by Anashe Bandari
Catching a massive star in the early stages of formation is a rare event in astronomy, making it an exciting moment to study. A group of researchers took advantage of the discovery of one youthful star and used the Stratospheric Observatory for Infrared Astronomy (SOFIA) to reveal the magnetic processes that allow such a massive star to form.
The stellar nursery where the action is taking place, called BYF 73, is not your typical star-forming cloud. It’s relatively small, but at its central core is a young star that holds the record for the highest known rate of protostellar mass accretion, the process by which a growing star accumulates mass from its surrounding material.
Using SOFIA and another observatory – the Atacama Large Millimeter/submillimeter Array (ALMA) in Chile – Peter Barnes, a research scientist at the Space Science Institute in Boulder, Colorado, and his team examined the magnetic fields within this cloud amid ongoing star formation. Studying the orientation of magnetic fields can shed light on their role in massive-star formation, a long-standing question. Massive stars form through a different process from their more average counterparts, relying on an ongoing exchange of material with their environment, rather than accreting mass from a surrounding disk of matter.
Birth of a “Masquerading Monster”
Previous ALMA research had shown that within the core of BYF 73 lies a “masquerading monster:” a single protostar, MIR 2, which is about 1,300 times the Sun’s mass and responsible for about half of the region’s power output. These ALMA values place MIR 2 in the very early stages of massive star formation, with an age of around 40,000 years — on human timescales, it began forming sometime after the arrival of humans to Australia.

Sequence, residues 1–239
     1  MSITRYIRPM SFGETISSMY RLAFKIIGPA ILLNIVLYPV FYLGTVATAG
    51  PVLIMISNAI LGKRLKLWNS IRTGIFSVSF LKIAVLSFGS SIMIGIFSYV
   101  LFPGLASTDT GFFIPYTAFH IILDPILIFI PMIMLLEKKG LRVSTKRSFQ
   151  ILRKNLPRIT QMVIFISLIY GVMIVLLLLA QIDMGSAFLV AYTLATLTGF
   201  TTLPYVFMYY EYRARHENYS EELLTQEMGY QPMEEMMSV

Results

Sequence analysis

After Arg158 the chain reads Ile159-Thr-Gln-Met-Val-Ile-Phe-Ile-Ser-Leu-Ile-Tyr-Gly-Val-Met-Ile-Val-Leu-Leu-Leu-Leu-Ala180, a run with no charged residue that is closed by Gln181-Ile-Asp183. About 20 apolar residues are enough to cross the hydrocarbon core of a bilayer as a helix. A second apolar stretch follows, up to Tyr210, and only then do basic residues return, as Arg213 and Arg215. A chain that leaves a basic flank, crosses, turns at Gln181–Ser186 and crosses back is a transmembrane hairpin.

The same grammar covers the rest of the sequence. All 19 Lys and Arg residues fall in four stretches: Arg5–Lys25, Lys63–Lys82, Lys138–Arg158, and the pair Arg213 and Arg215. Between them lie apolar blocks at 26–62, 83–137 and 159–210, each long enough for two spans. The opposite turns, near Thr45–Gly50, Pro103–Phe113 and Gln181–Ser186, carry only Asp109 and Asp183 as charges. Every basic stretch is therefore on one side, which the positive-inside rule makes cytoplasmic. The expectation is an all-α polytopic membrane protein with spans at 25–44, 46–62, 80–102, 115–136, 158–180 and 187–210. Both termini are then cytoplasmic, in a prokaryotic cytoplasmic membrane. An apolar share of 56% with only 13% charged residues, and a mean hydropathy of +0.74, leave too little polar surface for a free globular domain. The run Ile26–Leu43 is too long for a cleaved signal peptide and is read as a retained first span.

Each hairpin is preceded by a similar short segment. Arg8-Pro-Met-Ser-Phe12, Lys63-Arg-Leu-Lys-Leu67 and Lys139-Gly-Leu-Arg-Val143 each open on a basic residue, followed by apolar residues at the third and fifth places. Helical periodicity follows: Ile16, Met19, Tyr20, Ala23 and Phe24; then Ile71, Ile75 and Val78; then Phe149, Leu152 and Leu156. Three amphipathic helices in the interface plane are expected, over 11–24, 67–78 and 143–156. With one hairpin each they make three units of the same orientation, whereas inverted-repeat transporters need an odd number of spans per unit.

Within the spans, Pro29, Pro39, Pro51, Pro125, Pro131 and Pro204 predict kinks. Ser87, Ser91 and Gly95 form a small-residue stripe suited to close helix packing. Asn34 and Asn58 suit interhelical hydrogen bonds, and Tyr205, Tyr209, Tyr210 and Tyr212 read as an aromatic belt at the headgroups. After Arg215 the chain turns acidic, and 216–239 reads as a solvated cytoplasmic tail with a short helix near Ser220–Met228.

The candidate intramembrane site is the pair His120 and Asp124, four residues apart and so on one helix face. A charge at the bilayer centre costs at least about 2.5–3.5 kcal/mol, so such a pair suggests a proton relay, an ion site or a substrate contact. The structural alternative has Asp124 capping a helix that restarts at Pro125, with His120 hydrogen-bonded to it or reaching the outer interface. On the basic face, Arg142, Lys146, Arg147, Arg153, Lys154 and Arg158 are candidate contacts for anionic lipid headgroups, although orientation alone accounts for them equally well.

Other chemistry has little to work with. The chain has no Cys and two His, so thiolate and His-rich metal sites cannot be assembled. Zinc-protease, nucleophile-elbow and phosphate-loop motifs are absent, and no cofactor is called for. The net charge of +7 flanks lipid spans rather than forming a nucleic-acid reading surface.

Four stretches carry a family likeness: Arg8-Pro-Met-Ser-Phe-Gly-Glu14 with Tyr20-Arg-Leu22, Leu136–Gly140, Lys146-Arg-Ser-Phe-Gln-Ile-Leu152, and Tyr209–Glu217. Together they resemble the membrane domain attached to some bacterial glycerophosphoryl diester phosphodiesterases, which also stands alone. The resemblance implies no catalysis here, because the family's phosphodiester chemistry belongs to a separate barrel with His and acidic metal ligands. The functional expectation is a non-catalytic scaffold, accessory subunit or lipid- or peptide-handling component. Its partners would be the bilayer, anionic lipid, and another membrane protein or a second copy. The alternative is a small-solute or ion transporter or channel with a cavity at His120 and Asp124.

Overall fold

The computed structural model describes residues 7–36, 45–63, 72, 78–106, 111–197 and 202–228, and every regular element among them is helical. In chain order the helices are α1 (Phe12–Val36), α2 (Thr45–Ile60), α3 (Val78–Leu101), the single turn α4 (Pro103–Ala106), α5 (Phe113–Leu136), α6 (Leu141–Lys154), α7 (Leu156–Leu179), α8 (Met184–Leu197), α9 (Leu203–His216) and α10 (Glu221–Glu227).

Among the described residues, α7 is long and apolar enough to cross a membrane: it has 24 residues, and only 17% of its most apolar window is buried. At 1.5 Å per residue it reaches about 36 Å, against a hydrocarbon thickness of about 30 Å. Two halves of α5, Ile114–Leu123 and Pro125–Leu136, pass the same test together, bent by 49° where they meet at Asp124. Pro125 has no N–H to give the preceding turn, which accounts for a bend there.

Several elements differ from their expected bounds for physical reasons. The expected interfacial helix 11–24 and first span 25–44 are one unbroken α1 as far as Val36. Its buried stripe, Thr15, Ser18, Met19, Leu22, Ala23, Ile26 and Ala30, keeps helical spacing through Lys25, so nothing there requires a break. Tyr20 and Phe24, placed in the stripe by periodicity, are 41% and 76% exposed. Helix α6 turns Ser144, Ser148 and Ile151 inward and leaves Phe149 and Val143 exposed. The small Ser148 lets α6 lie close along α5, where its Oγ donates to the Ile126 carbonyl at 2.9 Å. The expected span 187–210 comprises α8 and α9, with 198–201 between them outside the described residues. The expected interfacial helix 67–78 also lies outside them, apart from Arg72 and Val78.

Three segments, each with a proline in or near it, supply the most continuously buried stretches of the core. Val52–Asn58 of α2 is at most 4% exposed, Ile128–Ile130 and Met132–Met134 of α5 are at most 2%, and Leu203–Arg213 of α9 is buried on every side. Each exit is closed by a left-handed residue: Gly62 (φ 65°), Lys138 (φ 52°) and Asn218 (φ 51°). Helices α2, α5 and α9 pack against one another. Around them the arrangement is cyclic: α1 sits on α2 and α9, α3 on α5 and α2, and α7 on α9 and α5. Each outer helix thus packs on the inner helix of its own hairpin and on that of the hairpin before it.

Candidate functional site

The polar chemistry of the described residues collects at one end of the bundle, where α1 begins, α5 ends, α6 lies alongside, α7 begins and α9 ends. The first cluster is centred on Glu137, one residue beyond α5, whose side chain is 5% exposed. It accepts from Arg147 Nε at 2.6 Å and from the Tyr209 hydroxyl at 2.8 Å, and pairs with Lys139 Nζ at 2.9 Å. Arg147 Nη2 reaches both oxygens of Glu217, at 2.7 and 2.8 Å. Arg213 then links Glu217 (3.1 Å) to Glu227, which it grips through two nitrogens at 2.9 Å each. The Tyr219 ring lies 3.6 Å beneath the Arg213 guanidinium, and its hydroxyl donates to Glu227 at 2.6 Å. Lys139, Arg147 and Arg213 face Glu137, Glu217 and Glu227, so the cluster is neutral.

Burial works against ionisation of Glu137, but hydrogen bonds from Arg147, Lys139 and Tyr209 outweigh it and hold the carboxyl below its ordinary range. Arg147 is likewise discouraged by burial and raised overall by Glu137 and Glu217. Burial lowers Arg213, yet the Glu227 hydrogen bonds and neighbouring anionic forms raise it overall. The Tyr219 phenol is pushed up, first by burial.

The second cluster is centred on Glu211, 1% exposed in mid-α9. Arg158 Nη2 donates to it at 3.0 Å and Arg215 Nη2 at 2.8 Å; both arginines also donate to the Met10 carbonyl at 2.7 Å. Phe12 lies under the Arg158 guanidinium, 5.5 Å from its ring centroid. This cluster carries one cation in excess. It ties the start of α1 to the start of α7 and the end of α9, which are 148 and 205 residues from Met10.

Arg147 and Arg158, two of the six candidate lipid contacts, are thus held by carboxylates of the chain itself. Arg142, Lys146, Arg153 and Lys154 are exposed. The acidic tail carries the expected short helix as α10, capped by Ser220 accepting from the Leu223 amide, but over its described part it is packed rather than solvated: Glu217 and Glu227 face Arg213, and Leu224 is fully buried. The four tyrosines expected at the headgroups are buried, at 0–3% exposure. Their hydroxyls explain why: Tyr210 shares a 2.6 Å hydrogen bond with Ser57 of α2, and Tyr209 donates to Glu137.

“It’s exciting because MIR 2 seems to be so young, and massive stars evolve very quickly by astronomical standards and are very rare, making their early stages easy to miss,” said Barnes.
Data from SOFIA and ALMA both offer high resolution and sensitivity in their respective wavelength ranges, allowing Barnes and his team to map the polarization of dust grains in BYF 73. This helped the researchers determine the relationship between the cloud’s magnetic field and gas density – and what that might mean for the formation of MIR 2.
When Gravity Takes Over
The researchers found that both the strength of the magnetic field and density of the gas are on the higher end of the range typical for star-forming clouds, but the relationship between the two scales is as expected. This means what’s happening in BYF 73 isn’t necessarily something unique — it just happens to be massive, and its monstrous density compared to its small size may help astronomers uncover a threshold necessary for gravity to take over and allow stars to form.
Gravity is the sole force responsible for forming stars, but the unusually strong magnetic field in BYF 73 could be acting in opposition, preventing lower-mass stars from forming until gravity becomes strong enough to form a monster.
“The original discovery of the massive inflow of material [onto MIR 2] was very exciting, since so few examples were known for higher-mass protostars. From that point on, BYF has been the gift that keeps on giving,” Barnes said.
MIR 2 is still in the very early stages of forming a massive star, and the synergies between SOFIA and ALMA’s magnetic field studies have helped clarify the factors at play in the process.
“Without their discoveries, BYF 73, and MIR 2 within it, would still be real head-scratchers,” said Barnes.
SOFIA was a joint project of NASA and the German Space Agency at DLR. DLR provided the telescope, scheduled aircraft maintenance, and other support for the mission. NASA’s Ames Research Center in California’s Silicon Valley managed the SOFIA program, science, and mission operations in cooperation with the Universities Space Research Association, headquartered in Columbia, Maryland, and the German SOFIA Institute at the University of Stuttgart. The aircraft was maintained and operated by NASA’s Armstrong Flight Research Center Building 703, in Palmdale, California. SOFIA achieved full operational capability in 2014 and concluded its final science flight on Sept. 29, 2022.